create a Connection to a Remote Endpoint, and prepare any required create a Connection to a Remote Endpoint, and prepare any required
local or remote state to be able to send and/or receive Messages. local or remote state to be able to send and/or receive Messages.
For some protocols, this may initiate a client-to-server style For some protocols, this will initiate a client-to-server style
handshake; for other protocols, this may just establish local handshake; for other protocols, this will just establish local
state. The process of identifying options for connecting, such as state. The process of identifying options for connecting, such as
resolution of the Remote Endpoint, occurs in response the Initiate resolution of the Remote Endpoint, occurs in response the Initiate
call. call.
o Listen: The action of marking a Listener as willing to accept o Listen: The action of marking a Listener as willing to accept
incoming Connections. The Listener will then create Connection incoming Connections. The Listener will then create Connection
objects as incoming connections are accepted (Section 4.1.5). objects as incoming connections are accepted (Section 4.1.5).
o Rendezvous: The action of establishing a peer-to-peer connection o Rendezvous: The action of establishing a peer-to-peer connection
with a Remote Endpoint. It simultaneously attempts to initiate a with a Remote Endpoint. It simultaneously attempts to initiate a
skipping to change at page 14, line 44 skipping to change at page 16, line 8
connection from that endpoint. This corresponds, for example, to connection from that endpoint. This corresponds, for example, to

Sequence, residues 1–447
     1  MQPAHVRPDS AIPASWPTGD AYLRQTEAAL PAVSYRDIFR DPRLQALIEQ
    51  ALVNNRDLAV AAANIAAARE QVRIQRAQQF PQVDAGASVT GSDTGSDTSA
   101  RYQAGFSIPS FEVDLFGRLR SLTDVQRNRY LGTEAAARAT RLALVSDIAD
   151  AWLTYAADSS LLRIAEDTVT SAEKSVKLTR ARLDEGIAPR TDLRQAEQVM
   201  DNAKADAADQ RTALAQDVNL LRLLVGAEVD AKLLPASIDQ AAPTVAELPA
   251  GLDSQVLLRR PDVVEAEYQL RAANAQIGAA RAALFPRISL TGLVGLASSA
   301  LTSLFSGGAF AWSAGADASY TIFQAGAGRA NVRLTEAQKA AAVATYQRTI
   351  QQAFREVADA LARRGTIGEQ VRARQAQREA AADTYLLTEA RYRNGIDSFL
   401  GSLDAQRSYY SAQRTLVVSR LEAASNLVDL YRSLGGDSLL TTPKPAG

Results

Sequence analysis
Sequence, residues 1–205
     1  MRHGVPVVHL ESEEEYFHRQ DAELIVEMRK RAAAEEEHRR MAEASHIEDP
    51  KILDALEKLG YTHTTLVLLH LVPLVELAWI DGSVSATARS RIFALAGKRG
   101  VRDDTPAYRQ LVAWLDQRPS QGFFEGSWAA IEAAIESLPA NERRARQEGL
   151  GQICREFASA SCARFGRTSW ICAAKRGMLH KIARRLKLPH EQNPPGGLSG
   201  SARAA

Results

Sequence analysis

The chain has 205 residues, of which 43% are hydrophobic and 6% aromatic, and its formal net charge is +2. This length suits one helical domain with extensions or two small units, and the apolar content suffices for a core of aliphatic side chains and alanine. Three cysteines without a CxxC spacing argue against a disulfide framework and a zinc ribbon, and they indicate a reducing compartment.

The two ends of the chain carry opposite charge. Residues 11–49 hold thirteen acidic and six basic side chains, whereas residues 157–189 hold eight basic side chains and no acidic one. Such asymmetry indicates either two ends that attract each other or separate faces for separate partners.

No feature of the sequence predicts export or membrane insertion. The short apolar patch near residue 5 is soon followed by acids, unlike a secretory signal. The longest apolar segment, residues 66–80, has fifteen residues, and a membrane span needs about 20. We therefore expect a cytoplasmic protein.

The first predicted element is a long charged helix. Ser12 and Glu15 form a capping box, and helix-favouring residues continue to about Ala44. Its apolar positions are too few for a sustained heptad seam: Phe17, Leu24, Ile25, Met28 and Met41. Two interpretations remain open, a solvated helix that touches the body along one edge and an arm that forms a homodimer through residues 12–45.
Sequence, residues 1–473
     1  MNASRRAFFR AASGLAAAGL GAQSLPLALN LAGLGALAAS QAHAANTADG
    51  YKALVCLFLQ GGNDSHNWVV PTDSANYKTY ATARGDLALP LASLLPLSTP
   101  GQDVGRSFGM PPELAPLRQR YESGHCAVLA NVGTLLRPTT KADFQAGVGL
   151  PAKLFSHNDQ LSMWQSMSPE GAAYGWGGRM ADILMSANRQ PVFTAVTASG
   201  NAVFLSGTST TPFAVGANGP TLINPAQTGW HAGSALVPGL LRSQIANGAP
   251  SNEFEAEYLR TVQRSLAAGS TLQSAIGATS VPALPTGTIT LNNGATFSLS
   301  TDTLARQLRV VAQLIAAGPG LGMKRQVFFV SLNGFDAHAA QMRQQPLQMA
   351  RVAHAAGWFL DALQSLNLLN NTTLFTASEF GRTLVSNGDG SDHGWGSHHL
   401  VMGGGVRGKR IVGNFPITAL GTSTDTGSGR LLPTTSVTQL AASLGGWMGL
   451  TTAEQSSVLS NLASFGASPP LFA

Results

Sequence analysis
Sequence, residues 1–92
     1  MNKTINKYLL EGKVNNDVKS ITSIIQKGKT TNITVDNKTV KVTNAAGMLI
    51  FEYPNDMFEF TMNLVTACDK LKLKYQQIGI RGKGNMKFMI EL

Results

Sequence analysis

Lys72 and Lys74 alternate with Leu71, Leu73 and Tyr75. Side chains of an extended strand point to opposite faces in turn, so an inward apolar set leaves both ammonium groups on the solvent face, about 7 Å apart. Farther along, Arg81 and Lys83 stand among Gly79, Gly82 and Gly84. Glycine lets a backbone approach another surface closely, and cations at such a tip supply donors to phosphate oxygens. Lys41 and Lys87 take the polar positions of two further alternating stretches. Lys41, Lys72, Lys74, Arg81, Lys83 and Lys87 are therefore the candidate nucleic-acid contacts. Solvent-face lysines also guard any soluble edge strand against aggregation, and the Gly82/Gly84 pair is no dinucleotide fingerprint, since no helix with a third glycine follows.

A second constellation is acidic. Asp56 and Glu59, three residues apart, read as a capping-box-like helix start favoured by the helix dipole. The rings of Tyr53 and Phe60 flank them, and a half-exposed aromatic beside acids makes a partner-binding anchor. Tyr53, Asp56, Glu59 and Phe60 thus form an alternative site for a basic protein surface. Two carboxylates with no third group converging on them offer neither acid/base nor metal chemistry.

a TCP simultaneous open [RFC0793]. The process of identifying a TCP simultaneous open [RFC0793]. The process of identifying
options for the connection, such as resolution of the Remote options for the connection, such as resolution of the Remote
Endpoint, occurs during the Rendezvous call. If successful, the Endpoint, occurs during the Rendezvous call. If successful, the
rendezvous call returns a Connection object to represent the rendezvous call returns a Connection object to represent the
established peer-to-peer connection. established peer-to-peer connection.
4.1.4. Data Transfer Objects and Actions 4.1.4. Data Transfer Objects and Actions
o Message: A Message object is a unit of data that can be o Message: A Message object is a unit of data that can be
represented as bytes that can be transferred between two endpoints represented as bytes that can be transferred between two systems
over a transport connection. The bytes within a Message are over a transport connection. The bytes within a Message are
assumed to be ordered within the Message. If an application does assumed to be ordered within the Message. If an application does
not care about the order in which a peer receives two distinct not care about the order in which a peer receives two distinct
spans of bytes, those spans of bytes are considered independent spans of bytes, those spans of bytes are considered independent
Messages. If a received Message is incomplete or corrupted, it Messages. If a received Message is incomplete or corrupted, it
may or may not be usable by certain applications. Boundaries of a might or might not be usable by certain applications. Boundaries
Message may or may not be understood or transmitted by transport of a Message might or might not be understood or transmitted by
protocols. Specifically, what one application considers to be two transport protocols. Specifically, what one application considers
Messages sent on a stream-based transport may be treated as a to be two Messages sent on a stream-based transport can be treated
single Message by the application on the other side. as a single Message by the application on the other side.
o Message Properties: Message Properties can be used to annotate